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Why Are Dogs So Food Motivated? Vet-Approved Explanation

Written by: Elizabeth Gray

Last Updated on June 21, 2024 by Dogster Team

young woman feeding her dalmatian dog at home

Why Are Dogs So Food Motivated? Vet-Approved Explanation


Dr. Chyrle Bonk Photo


Dr. Chyrle Bonk

DVM (Veterinarian)

The information is current and up-to-date in accordance with the latest veterinarian research.

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Training a dog can be challenging, especially if you’re committed to using positive, reward-based techniques. Luckily, most dogs have a valuable trait we can use to our advantage: they’re food-motivated. But have you ever wondered why dogs are so food-motivated?

Some dogs aren’t as food-motivated as others, but food motivation in dogs is typically a result of their survival instinct. Dogs need to eat to survive and are natural scavengers, so having food handed to them with minimal effort can be highly rewarding for them.

Keep reading to learn interesting facts about food motivation in some breeds, whether there’s such a thing as being too food-motivated, and how to train a dog that needs something other than food to encourage them.

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Food Motivation in Dogs

Domestic dogs descend from wolves, and while most of them no longer bear much resemblance to their wild ancestors, some instincts remain. Like most wild animals, wolves spend much of their time searching for food. Hunting and scavenging come naturally to them as a means of survival.

Pet dogs rarely need to put much effort into getting food, but most can’t shake the feeling they need to. This makes eating a reward sometimes, especially if you use high-value treats when training your dog.

If you own a Labrador Retriever, you’re probably aware that few breeds can match their love of food. As it turns out, there’s a scientific explanation for this. A study from 2016 found that Labs and the closely related Flat-Coated Retriever have a genetic mutation that makes them more food-motivated and prone to obesity than other breeds.

Image Credit: Andrii Spy_k, Shutterstock

Can a Dog Be Too Food Motivated?

When you rely on food to train your dog, there is such a thing as being too motivated. You need your dog to stay focused on what you’re trying to teach them instead of salivating at the mere smell of food. If your dog is too excited to learn when food is around, there are a few options you can try.

First, try to find a food that your dog likes less than others. For most dogs, you can use high-value, extra-tasty treats for training. Super food-motivated dogs might need the opposite, and you can try fruit or vegetables instead of meat-based treats.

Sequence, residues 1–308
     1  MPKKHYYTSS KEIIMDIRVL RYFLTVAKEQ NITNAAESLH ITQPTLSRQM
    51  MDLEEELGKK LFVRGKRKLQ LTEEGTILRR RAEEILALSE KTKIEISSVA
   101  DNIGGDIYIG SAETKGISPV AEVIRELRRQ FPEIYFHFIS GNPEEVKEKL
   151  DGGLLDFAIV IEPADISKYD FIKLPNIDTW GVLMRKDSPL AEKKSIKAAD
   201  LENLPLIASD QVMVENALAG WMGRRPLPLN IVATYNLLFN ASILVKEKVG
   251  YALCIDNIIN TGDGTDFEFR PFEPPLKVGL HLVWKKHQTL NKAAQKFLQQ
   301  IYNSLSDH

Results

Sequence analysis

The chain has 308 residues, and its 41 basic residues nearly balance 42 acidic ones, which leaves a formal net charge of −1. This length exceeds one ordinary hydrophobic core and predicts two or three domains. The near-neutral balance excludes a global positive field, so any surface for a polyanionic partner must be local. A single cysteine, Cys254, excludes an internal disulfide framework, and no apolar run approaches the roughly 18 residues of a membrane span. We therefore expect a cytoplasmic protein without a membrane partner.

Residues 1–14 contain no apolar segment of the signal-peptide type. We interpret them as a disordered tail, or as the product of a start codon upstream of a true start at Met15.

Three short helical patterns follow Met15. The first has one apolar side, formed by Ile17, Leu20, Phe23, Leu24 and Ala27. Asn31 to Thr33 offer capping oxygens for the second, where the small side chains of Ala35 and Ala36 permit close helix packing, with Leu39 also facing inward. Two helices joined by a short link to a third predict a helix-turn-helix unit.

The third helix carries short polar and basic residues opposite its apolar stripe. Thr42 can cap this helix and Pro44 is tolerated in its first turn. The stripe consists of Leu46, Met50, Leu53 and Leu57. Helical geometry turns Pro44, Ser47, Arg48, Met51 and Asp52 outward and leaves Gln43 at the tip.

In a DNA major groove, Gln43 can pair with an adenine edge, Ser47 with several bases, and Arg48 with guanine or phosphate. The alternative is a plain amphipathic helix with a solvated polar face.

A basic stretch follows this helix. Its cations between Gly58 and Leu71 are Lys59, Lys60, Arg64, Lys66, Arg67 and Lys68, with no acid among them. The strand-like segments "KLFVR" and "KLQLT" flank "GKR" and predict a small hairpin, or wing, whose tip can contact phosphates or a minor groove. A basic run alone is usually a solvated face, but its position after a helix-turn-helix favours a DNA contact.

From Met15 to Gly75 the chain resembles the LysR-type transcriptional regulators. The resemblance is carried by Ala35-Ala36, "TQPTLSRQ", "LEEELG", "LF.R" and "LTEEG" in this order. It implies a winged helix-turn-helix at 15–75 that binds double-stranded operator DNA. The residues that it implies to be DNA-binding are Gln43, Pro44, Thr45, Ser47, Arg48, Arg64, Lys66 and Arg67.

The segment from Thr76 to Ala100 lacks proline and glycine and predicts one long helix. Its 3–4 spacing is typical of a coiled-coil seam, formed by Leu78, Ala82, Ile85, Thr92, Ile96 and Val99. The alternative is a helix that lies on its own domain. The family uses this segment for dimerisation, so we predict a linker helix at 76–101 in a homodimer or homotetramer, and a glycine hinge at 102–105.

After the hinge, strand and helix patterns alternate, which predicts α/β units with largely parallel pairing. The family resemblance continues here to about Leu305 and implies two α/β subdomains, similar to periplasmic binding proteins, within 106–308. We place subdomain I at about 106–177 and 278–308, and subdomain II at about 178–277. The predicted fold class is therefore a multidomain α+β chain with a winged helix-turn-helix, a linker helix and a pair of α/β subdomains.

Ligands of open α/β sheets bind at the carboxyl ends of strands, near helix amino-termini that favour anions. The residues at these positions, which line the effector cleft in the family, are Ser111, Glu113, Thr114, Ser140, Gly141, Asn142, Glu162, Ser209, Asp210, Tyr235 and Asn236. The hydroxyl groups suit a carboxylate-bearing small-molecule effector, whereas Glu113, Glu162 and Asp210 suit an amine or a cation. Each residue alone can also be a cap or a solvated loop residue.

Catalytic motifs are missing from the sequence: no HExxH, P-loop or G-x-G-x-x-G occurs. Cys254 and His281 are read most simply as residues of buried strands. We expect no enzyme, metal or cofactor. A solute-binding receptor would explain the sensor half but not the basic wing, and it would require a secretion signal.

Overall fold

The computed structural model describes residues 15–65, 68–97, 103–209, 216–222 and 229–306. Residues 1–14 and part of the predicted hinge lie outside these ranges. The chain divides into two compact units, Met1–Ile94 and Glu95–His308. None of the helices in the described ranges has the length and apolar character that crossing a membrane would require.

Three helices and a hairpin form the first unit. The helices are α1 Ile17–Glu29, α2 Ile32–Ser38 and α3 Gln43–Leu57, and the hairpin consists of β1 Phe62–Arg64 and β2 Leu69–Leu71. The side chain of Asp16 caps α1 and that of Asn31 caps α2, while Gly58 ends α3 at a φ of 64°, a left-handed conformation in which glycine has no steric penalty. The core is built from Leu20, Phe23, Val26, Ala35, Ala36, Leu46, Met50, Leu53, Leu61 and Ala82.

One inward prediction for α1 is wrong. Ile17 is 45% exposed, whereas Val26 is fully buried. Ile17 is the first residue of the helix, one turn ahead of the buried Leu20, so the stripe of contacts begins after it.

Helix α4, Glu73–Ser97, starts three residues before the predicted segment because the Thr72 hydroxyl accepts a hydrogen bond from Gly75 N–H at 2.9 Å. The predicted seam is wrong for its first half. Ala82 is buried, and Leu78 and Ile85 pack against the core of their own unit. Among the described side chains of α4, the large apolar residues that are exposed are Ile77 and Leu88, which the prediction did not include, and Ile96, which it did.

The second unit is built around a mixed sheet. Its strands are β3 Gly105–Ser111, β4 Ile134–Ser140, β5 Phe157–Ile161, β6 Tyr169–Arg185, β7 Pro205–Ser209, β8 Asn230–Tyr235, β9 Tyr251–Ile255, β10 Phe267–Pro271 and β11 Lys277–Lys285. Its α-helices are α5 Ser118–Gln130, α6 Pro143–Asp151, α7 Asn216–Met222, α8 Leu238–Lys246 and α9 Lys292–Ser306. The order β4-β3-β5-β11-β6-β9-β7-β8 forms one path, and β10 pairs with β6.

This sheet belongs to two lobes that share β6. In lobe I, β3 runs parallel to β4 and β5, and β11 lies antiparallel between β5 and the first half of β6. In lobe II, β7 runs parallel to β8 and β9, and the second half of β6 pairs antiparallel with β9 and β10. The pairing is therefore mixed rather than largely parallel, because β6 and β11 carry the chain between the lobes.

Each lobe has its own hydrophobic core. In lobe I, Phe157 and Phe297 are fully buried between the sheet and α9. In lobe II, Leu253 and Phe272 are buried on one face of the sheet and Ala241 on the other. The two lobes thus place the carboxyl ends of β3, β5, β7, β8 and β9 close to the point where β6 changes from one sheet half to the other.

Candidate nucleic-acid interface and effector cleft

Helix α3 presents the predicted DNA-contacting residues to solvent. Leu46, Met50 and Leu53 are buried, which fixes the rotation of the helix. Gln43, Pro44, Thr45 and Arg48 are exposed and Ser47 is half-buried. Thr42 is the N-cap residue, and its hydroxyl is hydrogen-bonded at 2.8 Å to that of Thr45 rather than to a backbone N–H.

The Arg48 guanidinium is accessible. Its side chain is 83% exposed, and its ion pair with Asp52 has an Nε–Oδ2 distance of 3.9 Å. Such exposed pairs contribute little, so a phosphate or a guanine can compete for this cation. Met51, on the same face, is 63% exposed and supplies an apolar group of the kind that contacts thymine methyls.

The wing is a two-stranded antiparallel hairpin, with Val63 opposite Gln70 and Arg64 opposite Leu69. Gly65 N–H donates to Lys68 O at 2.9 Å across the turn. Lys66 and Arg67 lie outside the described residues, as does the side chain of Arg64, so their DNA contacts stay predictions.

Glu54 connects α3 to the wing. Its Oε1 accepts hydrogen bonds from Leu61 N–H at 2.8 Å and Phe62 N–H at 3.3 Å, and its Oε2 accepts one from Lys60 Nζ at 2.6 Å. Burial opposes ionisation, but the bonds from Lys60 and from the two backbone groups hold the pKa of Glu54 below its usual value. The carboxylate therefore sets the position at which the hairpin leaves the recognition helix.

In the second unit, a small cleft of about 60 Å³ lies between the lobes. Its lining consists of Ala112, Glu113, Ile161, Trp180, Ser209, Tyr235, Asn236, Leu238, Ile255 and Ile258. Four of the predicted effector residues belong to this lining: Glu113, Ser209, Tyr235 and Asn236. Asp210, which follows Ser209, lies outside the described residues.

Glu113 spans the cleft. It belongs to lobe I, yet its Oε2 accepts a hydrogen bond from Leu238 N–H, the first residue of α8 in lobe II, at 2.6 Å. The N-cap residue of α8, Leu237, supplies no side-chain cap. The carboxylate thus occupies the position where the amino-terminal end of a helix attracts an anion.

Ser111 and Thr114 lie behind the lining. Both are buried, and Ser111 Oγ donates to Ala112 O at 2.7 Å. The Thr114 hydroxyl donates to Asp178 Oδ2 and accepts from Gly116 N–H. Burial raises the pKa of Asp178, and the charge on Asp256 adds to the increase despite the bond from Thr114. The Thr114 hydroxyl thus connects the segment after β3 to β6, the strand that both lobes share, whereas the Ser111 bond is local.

Keep yourself calm during training so your body language doesn’t further excite your dog. Fast movements or talking in a high-pitched voice should be avoided. You might need to consider using other methods to reward your dog besides food.

You can praise your dog, pet them, or reserve a favorite toy only for use during training.

Help! I Don’t Think My Dog Is Food Motivated

Some dogs are picky eaters, while others don’t value food enough to change their behavior for it. If this describes your dog, here are some options for how to proceed.

You can experiment with different foods to find one that might motivate your dog. It won’t always be what you expect, either. When your dog is hungry, try offering several treats or safe human food options to see what they are drawn to.

Once you find a treat your dog likes, only use it for training so your dog doesn’t get too used to eating it. You can also find something else that motivates your dog. Some dogs live to please their owners and might be satisfied with words of praise or a nice ear scratch. Others will work for a quick game of fetch or tug-of-war afterward.

Again, the goal is to reserve the rewards your dog values most for only when you’re trying to shape their behavior. Otherwise, they can lose significance, and you’ll have to find another way to motivate your pup.

Old dog Labrador retriever waiting for feeding
Image Credit: Jaromir Chalabal, Shutterstock

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Food motivation in dogs is a combination of instinct and learned behavior caused by the self-reward of eating delicious treats. While food motivation can be a valuable tool when it comes to training your dog, not every pup may be overly food-motivated, and some are too much so. You may need to find other ways to encourage your dog’s learning. Remember to include any training treats in your dog’s daily calorie count to ensure they stay at a healthy weight.

Featured Image Credit: Africa Studio, Shutterstock

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